Yet this is not just feel-good, pie-in-the-sky, babble divorced from reality.  Paul knew better than most the hardships of life.  In 2nd Corinthians 11 he recites his own resume of pain, suffering that came precisely because he was Jesus’s disciple.  Shipwrecked, flogged, beaten with rods; it all came about in the course of following Jesus.  In our reading, Romans 5, Paul declares the benefits of even these painful experiences. 
He sees God in the suffering and the suffering produces endurance.  He finds out who he is as a man in the most trying of times.  I have sat with people in hospital waiting rooms, visited people incarcerated, had conversations at the funeral home; people often have their most profound moments with God in these hard places.  From righteousness affixed to us by God when we believe, to an invitation into the mystery of God, to the audacious promise of sharing in God’s glory, to the sense that we even meet God in times of suffering, we grow into a knowledge of how life is different when we follow Jesus.
Without Christ, we think money, or the things money can buy, or the security money and power can provide will give us peace.  We are told fantastic experiences like a trip to Hawaii or sky diving or a golf vacation, or even simpler things like a “gold-level” credit card or a certain kind of look or body image will bring happiness.  I am not railing against vacations or material prosperity.  I am not railing against anything.  I am suggesting that the things we can buy are not the things that will give our lives meaning.  Nor are materialistic delights the source of transcendent joy.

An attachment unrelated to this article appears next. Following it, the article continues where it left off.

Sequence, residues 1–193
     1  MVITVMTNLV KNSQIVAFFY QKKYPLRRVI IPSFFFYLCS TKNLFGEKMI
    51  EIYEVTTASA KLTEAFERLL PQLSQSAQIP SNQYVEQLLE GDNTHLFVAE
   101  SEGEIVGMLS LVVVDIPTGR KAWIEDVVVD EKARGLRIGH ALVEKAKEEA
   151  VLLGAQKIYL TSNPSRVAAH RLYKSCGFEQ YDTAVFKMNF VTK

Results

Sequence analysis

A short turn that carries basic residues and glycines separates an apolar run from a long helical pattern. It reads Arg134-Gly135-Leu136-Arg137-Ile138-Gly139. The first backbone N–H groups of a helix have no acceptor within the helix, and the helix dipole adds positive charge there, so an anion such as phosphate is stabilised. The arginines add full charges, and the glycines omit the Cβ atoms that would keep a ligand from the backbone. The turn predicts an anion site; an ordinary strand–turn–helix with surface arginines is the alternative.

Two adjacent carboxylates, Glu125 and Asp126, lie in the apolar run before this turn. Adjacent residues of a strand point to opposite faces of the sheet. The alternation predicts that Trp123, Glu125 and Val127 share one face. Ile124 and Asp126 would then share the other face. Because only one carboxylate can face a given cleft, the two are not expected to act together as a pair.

When we talk about the different kind of human, the people we will be in the Kingdom of God, maybe the distinction is most easily seen in how individuals orient their lives.  The woman or man who is of the world has happiness as his or her ultimate life pursuit.  The new kind of human, the one living as God intends his image bearers to be has love as the determining force in his or her life.
Why love?  We’ve talked about sin being nailed to the cross and death defeated in the crucifixion and resurrection of Jesus.  We’ve talked about the ways our life shifts when we are in Christ. We have peace with God, we have access to God, and in our sufferings and in hard times we grow closer to God.  Why we would claim that love is the ultimate value for the new kind of human?